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29th Jun, 2022

Ambulance service complaints drop

Worcester Editorial 4th Sep, 2014 Updated: 19th Oct, 2016

COMPLAINTS to West Midlands Ambulance Service have fallen by more than ten per cent over the last year.

Data published by the Health and Social Care Information Centre showed the Trust received a total of 417 complaints in 2013/14, down from 471 the previous year, despite an increase across ambulance services generally.

However, the number of compliments was more than double the number of complaints.

The Trust received a total of 972 letters, e-mails, Tweets and Facebook posts praising the work of staff, a rise of 61 on the previous 12 months.

In total West Midlands Ambulance Service dealt with a total of 967,145 emergency calls and 649,332 non-emergency journeys, meaning they received one complaint for every 4,454 patients they treated.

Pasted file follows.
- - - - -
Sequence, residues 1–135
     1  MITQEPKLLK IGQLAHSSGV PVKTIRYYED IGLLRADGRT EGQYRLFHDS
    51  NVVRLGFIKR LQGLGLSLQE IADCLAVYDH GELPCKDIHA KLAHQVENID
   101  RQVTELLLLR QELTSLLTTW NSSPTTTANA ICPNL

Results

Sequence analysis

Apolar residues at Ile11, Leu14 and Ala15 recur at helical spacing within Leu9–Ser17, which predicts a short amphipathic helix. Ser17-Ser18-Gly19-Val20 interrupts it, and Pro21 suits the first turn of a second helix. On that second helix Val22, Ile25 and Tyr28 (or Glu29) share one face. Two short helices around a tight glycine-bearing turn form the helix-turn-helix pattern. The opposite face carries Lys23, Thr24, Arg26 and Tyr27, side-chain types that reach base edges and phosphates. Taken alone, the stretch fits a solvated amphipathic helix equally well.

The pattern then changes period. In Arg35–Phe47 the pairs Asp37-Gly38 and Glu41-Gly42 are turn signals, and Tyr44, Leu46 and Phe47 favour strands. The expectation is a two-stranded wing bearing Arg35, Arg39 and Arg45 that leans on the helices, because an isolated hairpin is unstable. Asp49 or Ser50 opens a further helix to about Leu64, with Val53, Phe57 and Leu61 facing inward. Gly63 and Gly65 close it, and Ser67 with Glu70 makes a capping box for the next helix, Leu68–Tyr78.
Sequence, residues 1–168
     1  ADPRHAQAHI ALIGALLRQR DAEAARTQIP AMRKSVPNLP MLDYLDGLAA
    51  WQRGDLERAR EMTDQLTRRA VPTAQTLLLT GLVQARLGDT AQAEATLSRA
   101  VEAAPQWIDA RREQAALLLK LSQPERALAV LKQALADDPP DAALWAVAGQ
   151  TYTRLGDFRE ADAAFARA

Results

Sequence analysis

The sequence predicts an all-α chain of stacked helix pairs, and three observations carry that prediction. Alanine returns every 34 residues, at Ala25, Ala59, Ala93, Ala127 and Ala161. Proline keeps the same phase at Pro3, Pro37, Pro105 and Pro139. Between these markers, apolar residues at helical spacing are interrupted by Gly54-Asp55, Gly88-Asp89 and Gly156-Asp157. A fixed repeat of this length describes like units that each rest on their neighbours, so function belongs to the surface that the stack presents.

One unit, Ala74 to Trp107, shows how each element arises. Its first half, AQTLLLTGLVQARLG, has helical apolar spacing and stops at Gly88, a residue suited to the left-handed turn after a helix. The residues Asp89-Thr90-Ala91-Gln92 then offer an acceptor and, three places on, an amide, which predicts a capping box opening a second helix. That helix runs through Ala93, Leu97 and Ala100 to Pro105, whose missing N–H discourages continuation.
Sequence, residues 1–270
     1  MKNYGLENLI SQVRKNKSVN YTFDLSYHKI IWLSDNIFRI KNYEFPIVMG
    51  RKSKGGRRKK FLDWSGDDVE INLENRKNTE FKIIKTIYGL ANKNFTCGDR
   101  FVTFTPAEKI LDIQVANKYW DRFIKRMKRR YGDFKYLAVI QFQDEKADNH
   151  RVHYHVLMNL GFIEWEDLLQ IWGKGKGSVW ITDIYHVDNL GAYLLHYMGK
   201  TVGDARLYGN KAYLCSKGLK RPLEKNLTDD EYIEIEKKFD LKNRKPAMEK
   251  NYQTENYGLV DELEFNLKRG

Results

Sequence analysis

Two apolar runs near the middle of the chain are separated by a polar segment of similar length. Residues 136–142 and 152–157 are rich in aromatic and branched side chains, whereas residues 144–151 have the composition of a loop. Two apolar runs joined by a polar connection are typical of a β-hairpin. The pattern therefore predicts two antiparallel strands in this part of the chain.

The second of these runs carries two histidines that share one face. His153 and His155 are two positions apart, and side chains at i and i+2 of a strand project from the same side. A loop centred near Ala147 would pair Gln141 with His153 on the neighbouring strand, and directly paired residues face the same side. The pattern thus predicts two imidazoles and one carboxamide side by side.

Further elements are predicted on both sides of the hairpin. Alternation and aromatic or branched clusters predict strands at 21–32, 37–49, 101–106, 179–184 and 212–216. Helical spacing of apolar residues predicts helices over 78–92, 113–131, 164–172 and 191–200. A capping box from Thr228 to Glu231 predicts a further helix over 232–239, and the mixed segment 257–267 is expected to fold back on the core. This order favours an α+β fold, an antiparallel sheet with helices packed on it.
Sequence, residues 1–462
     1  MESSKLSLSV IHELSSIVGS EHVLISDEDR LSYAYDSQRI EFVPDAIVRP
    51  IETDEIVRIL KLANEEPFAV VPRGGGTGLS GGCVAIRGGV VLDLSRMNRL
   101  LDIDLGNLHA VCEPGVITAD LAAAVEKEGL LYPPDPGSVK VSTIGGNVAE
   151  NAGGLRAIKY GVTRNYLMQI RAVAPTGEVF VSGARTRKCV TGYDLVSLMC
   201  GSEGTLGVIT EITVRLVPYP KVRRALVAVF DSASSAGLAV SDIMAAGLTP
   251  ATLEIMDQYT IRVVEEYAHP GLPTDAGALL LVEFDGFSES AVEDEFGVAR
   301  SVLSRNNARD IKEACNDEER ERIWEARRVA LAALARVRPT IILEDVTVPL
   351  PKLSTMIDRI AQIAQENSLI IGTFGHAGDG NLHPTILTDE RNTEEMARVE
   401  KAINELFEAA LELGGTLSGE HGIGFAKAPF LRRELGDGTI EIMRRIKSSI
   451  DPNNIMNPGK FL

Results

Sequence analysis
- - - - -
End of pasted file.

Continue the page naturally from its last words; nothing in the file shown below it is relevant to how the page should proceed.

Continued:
Sue Green, director of nursing and quality, said: “While one complaint is one too many, the figure is very small compared to the number of people the Trust helps.

“Whilst we do not want to receive complaints, we very much see it as a positive.

“The more we are able to interact with the public and learn from their views, the better the service will become.

“As a Trust we take any comments, good or bad, very seriously. In those cases where we did not perform at the level we would hope, we regularly carry out a ‘route cause analysis’ investigation to see what lessons can be learnt.”

Ms Green said the service still had to deal with a number of emergency calls that could be treated elsewhere which led to some of the complaints.

“We have made numerous appeals for people to use the 999 service wisely but some people do still call us with less serious conditions,” she added.

“In many cases it simply isn’t appropriate to send an ambulance to them so we get an experienced paramedic to speak to the patient and provide advice over the phone or refer them to a minor injuries unit or their GP.

“Some patients are unhappy with this resolution, which we accept. However, for a service that is set up to deal with truly life threatening conditions and injuries such as cardiac arrests and strokes, it has to be right that we prioritise our resources in dealing with these time critical cases first.”

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